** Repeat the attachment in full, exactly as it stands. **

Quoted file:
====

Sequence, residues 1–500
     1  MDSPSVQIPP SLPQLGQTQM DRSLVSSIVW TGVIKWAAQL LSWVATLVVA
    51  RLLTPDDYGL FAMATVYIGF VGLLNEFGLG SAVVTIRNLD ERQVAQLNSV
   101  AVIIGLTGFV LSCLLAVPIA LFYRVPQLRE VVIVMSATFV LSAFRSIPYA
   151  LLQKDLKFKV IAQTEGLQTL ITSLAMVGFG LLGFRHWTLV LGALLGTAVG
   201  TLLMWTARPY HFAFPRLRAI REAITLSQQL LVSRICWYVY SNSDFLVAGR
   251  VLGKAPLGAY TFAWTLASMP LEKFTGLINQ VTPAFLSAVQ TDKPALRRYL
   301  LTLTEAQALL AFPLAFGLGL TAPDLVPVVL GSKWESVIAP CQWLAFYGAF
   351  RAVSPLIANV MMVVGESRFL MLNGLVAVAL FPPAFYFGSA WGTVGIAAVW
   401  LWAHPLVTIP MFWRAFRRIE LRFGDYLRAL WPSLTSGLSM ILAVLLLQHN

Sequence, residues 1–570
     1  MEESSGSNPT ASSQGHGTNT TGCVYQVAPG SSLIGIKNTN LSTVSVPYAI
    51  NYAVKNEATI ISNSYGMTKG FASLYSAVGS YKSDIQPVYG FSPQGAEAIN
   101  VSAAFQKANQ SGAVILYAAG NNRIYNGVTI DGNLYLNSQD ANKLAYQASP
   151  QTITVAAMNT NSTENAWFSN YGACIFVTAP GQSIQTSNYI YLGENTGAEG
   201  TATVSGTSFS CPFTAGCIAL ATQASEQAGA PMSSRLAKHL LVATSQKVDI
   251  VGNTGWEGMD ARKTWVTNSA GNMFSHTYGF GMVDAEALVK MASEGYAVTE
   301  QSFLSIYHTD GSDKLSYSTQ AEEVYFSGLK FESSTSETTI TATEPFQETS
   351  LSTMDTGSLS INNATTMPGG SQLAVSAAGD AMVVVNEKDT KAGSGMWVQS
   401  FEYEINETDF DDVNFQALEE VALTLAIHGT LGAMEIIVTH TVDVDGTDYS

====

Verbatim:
Sequence, residues 1–500
     1  MDSPSVQIPP SLPQLGQTQM DRSLVSSIVW TGVIKWAAQL LSWVATLVVA
    51  RLLTPDDYGL FAMATVYIGF VGLLNEFGLG SAVVTIRNLD ERQVAQLNSV
   101  AVIIGLTGFV LSCLLAVPIA LFYRVPQLRE VVIVMSATFV LSAFRSIPYA
   151  LLQKDLKFKV IAQTEGLQTL ITSLAMVGFG LLGFRHWTLV LGALLGTAVG
   201  TLLMWTARPY HFAFPRLRAI REAITLSQQL LVSRICWYVY SNSDFLVAGR
   251  VLGKAPLGAY TFAWTLASMP LEKFTGLINQ VTPAFLSAVQ TDKPALRRYL
   301  LTLTEAQALL AFPLAFGLGL TAPDLVPVVL GSKWESVIAP CQWLAFYGAF
   351  RAVSPLIANV MMVVGESRFL MLNGLVAVAL FPPAFYFGSA WGTVGIAAVW
   401  LWAHPLVTIP MFWRAFRRIE LRFGDYLRAL WPSLTSGLSM ILAVLLLQHN

Sequence, residues 1–570
     1  MEESSGSNPT ASSQGHGTNT TGCVYQVAPG SSLIGIKNTN LSTVSVPYAI
    51  NYAVKNEATI ISNSYGMTKG FASLYSAVGS YKSDIQPVYG FSPQGAEAIN
   101  VSAAFQKANQ SGAVILYAAG NNRIYNGVTI DGNLYLNSQD ANKLAYQASP
   151  QTITVAAMNT NSTENAWFSN YGACIFVTAP GQSIQTSNYI YLGENTGAEG
   201  TATVSGTSFS CPFTAGCIAL ATQASEQAGA PMSSRLAKHL LVATSQKVDI
   251  VGNTGWEGMD ARKTWVTNSA GNMFSHTYGF GMVDAEALVK MASEGYAVTE
   301  QSFLSIYHTD GSDKLSYSTQ AEEVYFSGLK FESSTSETTI TATEPFQETS
   351  LSTMDTGSLS INNATTMPGG SQLAVSAAGD AMVVVNEKDT KAGSGMWVQS
   401  FEYEINETDF DDVNFQALEE VALTLAIHGT LGAMEIIVTH TVDVDGTDYS